We are a commune of inquiring, skeptical, politically centrist, capitalist, anglophile, traditionalist New England Yankee humans, humanoids, and animals with many interests beyond and above politics. Each of us has had a high-school education (or GED), but all had ADD so didn't pay attention very well, especially the dogs. Each one of us does "try my best to be just like I am," and none of us enjoys working for others, including for Maggie, from whom we receive neither a nickel nor a dime. Freedom from nags, cranks, government, do-gooders, control-freaks and idiots is all that we ask for.
Despite the data, I often think that people want to know that there is a sober person behind the wheel, somebody you can phone when you want to. Somebody who cares. Somebody who is smarter than the markets. They pay for that fantasy.
How to protect your nest egg in the Land of ZIRP? Don't ask me. I bank 10% of my pre-tax income each year, religiously. My nest egg, paltry as it is, is 1/4 equity index funds, 1/4 bond index funds, 1/4 cash, and 1/4 in one really good hedge fund. It may all blow up someday, but I intend to never need the money anyway. The men in my family never quit working and I will keep that wholesome, old-fashioned tradition going unless or until disease or the grim reaper get me.
Retirement ages people, or most people. It ages them, mentally.
I think it is an old New Englander ethic: be stingy, save, resist temptations to buy stuff, and work forever. Use money for overpriced education, books, booze, theater, adventure, and travel.
Overpriced education (mostly for my kids), books, booze, theater, adventure, and travel are coincidentally, the only things I spend any money on besides the bare necessities. I tend to look for books secondhand, but I have a weakness for bookstores.
I don't like to spend money if I don't have to. In lieu of potting soil, just went down to the lake and dug up some sand from the stream, humus from rotting logs in the woods, and added a little soil, and mixed it all together and planted some spinach in the backyard.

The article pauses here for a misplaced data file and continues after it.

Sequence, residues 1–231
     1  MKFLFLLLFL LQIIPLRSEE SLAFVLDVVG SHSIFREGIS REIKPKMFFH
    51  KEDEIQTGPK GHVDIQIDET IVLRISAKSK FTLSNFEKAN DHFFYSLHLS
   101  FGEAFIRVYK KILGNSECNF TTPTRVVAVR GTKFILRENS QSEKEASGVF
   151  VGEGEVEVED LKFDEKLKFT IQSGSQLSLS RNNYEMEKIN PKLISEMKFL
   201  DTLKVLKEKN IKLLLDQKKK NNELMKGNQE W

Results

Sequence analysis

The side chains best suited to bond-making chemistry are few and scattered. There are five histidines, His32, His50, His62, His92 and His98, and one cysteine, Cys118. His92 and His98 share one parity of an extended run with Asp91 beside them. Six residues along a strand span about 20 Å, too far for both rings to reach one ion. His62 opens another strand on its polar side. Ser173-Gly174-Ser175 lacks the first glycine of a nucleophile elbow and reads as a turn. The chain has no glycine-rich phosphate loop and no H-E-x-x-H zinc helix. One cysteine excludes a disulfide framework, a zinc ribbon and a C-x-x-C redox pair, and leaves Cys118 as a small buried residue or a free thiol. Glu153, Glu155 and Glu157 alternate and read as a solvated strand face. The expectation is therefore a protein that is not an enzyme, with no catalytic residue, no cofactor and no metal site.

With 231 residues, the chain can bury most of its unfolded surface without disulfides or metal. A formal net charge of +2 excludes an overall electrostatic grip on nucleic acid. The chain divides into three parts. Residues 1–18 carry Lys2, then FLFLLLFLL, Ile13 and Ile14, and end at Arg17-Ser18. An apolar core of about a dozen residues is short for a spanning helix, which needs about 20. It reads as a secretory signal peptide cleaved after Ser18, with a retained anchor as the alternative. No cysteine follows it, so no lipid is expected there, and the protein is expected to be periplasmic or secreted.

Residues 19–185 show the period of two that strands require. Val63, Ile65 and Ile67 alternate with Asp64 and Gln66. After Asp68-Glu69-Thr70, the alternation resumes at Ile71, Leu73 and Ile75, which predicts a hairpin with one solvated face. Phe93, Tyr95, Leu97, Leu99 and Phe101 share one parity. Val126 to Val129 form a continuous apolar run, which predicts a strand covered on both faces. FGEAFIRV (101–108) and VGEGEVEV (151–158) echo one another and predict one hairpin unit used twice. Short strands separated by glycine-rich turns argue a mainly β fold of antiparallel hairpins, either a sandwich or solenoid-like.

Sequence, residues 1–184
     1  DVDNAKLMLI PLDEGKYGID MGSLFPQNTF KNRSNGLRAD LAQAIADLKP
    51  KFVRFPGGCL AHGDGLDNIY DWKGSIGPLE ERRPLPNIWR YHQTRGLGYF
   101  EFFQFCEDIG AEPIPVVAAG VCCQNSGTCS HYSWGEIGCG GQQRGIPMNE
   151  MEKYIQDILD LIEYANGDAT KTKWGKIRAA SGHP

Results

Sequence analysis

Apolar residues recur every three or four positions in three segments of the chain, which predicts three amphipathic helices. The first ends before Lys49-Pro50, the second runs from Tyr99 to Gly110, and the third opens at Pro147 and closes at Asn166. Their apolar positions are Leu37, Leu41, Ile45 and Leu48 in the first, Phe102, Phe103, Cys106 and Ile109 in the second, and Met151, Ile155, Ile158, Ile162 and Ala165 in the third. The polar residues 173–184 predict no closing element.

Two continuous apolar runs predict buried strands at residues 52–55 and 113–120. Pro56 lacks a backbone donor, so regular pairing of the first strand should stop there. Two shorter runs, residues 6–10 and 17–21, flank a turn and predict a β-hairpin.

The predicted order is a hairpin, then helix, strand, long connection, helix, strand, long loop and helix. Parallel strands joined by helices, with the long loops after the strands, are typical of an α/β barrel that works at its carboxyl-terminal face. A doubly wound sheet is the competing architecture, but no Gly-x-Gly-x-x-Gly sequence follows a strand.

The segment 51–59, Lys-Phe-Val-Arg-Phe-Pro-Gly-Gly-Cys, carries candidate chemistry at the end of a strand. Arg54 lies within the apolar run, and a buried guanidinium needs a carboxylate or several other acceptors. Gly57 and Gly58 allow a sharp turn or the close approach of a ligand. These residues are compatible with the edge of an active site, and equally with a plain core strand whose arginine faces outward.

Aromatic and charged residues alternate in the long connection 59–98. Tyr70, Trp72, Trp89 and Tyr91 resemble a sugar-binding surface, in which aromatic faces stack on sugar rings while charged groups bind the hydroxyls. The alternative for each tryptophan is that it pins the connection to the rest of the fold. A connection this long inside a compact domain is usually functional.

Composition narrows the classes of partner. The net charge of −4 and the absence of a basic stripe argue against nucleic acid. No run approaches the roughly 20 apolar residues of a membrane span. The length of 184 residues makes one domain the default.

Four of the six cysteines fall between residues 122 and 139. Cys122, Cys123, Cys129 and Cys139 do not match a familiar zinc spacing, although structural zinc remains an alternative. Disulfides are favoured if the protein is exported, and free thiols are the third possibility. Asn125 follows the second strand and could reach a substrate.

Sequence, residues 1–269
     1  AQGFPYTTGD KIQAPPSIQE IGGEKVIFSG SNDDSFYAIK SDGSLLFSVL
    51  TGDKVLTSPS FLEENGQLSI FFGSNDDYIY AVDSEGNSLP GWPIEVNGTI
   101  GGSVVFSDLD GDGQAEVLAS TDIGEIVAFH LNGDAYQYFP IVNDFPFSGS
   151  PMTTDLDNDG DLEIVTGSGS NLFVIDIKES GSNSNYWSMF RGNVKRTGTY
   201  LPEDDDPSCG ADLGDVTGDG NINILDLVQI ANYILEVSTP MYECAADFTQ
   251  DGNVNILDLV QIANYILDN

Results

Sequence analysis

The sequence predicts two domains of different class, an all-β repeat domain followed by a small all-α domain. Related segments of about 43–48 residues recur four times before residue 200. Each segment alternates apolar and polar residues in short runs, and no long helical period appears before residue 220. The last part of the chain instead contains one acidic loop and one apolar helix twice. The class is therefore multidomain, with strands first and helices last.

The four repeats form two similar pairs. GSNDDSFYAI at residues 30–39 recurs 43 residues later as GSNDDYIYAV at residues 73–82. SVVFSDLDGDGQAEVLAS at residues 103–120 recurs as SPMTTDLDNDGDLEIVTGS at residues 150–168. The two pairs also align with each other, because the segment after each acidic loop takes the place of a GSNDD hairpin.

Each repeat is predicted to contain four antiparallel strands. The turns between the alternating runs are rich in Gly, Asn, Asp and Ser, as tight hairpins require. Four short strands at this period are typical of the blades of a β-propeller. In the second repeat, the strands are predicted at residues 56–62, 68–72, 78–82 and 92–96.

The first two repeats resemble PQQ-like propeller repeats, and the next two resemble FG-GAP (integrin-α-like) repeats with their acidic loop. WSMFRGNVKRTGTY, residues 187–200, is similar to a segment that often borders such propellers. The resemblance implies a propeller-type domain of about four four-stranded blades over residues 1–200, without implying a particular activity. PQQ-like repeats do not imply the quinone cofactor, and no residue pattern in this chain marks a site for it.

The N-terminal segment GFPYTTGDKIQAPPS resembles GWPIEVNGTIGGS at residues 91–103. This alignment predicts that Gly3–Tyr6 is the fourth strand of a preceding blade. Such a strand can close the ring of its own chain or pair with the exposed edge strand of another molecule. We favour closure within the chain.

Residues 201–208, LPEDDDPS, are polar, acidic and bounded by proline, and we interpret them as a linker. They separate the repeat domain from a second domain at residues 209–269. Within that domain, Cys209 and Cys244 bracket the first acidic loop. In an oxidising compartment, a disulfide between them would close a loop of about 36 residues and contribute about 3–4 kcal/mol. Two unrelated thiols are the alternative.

Do NOT use your money for 'overpriced' education. I guess you gotta do that for your kids, but make them spend the first two years in a community college and prove that they CAN, in fact, not waste your money. Even CC's are pretty steep these days and not what they used to be, education wise. But then neither is Haahvaahd, just take a look at some of the graduates.)
Or maybe encourage them to be an electrician (plumber or other knowledgeable tradesman). They can put themselves through kollage. Spending hard earned money on something will make them more aware of what they are getting for it.
Be an autodidact. Teach your kids to be autodidacts. Don't let some know-it-all spoil your ability to learn (to badly paraphrase Mark Twain).
All the rest of it is right on the money!
Love Maggie's Farm and I want to retire there. I'll bring all my tools!!! AND I'll build another workshop! (Big one!! Can I come? Please? Pretty please with a router on top?)
I did not retire..... I simply did not have work which paid... I took care of my father until he finished life... I had my OE knees replaced with modern ones and then went back to buying machinery and using it for fun and profit.
Any money in is saved or used to buy equipment... life is good... people want things done.
"Use money for overpriced education, books, booze, theater, adventure, and travel"
I wouldn't put it exactly that way, because some people have little interest in "overpriced education" or booze, etc. Instead, I'd say, pick a personal goal in life, perhaps one that seems beyond what you consider to be your current skills or abilities, and then steadily strive to reach it, applying whatever effort and financial resources you can afford to spend. I have no interest in booze other than the occasional beer or wine, theater leaves me in the dark, and books are always worth writing but seldom worth reading. I've found a different choice, and it keeps me quite busy and mentally challenged when I am not visiting MF.